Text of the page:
Insecurities in Writing

Sometimes insecurities in life can bleed into one's work, but sometimes those insecurities are justified.

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Hi, my name is Lannah Marshall. I am a Speculative Fiction writer, focusing on science fantasy. I am also working on my debut novel (whichever one gets published first), author of multiple published short stories and poems, and an artist that has been exhibited near the Turner Contemporary. I am also autistic.

Now, I’m not about to suggest how one should go about writing autistic characters. I’ve already done that: here.

No, instead I am going to discuss a strange feeling that has blossomed in my chest the more I think about actually getting published, particularly with an autistic main character (MC). The sad thing is, this is a story that I am genuinely excited about sharing with the world, because the autism is front and centre of the novel itself. Sure, I have autism in my other works, but it is usually heavily implied in a world that doesn’t have a word for it.

This book is very much my autism, and it is used to explore this world from a perspective that is very much akin to mine (with fantastical elements, of course). Yet, I can picture the feedback coming in, stating that the MC is too cliché in her symptoms, or maybe she isn’t “autistic enough”.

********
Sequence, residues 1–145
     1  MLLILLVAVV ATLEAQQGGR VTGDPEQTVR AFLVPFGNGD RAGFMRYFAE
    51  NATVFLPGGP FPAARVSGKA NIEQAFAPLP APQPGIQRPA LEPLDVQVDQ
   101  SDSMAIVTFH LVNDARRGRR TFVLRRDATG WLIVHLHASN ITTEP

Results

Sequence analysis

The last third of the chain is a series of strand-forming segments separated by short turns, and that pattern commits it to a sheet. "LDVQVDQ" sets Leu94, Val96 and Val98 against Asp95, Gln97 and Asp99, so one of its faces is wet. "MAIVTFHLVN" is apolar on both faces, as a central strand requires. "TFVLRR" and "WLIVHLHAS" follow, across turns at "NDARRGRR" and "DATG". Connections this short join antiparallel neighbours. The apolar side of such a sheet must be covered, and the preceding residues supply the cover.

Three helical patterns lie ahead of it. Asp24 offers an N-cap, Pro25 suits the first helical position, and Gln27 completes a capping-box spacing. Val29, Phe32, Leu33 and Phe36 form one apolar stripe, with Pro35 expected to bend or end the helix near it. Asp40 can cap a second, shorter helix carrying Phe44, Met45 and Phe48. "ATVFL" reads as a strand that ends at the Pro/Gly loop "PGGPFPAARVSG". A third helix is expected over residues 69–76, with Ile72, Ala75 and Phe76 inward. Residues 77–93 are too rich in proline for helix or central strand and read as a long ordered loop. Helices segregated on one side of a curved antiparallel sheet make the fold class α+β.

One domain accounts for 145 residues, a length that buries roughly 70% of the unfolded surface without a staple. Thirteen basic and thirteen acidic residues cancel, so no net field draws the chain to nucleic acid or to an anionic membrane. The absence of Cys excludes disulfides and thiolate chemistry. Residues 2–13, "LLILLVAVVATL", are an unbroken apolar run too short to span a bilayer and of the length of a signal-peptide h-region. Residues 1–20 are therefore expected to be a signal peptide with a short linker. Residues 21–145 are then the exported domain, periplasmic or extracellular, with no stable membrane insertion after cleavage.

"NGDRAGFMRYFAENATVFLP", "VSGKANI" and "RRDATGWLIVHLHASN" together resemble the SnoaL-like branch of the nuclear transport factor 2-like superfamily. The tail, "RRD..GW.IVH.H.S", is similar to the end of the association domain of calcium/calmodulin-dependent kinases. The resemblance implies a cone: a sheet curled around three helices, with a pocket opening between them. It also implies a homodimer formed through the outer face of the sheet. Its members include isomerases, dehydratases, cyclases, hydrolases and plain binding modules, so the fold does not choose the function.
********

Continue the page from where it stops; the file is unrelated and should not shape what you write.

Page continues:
These are responses that I’ve seen to other “own voices” narratives, such as books written by and aimed at LGBT+ individuals. The issue is that the desire for good representation is strong. We don’t want tokenism. We want stories that make us feel seen and wanted and loved, and as though we’re worthy of all the kick-ass stories that other MCs get. Yet, this can result in narratives by own voice authors being put under a much higher scrutiny (not on purpose) with higher expectations.

Yet, and I will be as clear here as I was in my autism research piece: we’re all different. We write what we know and explore what we want to explore. It isn’t the same for everyone, because not everyone is the same. My autism affects me differently than someone else’s autism affects them. I have classic symptoms such as stimming (flapping and biting myself) when I’m over-stimulated. My echolalia (repeating words) has gotten me in trouble before. I have hyper-focus in ‘nerdy’ pursuits and I often take things literally, but on paper that can feel very cliché – at least to me. For all I know that might not be enough for some people, and that makes me nervous because I want to represent people well. Yet, you cannot represent everyone in a spectrum without being cliché, and I’d advise not even trying or it’ll come across as misguided and heavy-handed.

The issue is that, at least for me, I often catch myself wondering if I am autistic enough. Am I masking too well? Ergo, how do I show that a character is good at mask without them seeming to be not autistic?

As I am currently in the middle of this identity crisis, my only advice is to suggest in remembering that you cannot please everyone. We need more people speaking up about their own marginalised voices and their own experiences. I’m happy for what I get, even if I don’t personally experience what they have. Here’s hoping that my work inspires at least one person. That’s all I can hope for really (that and it gets published, of course).

My wonder now is whether I am alone in these insecurities.

Probably not, but here they are.

Best wishes and good luck!

Sometimes she writes. Sometimes she doesn’t. Either way, she’s not doing what she’s supposed to be doing.

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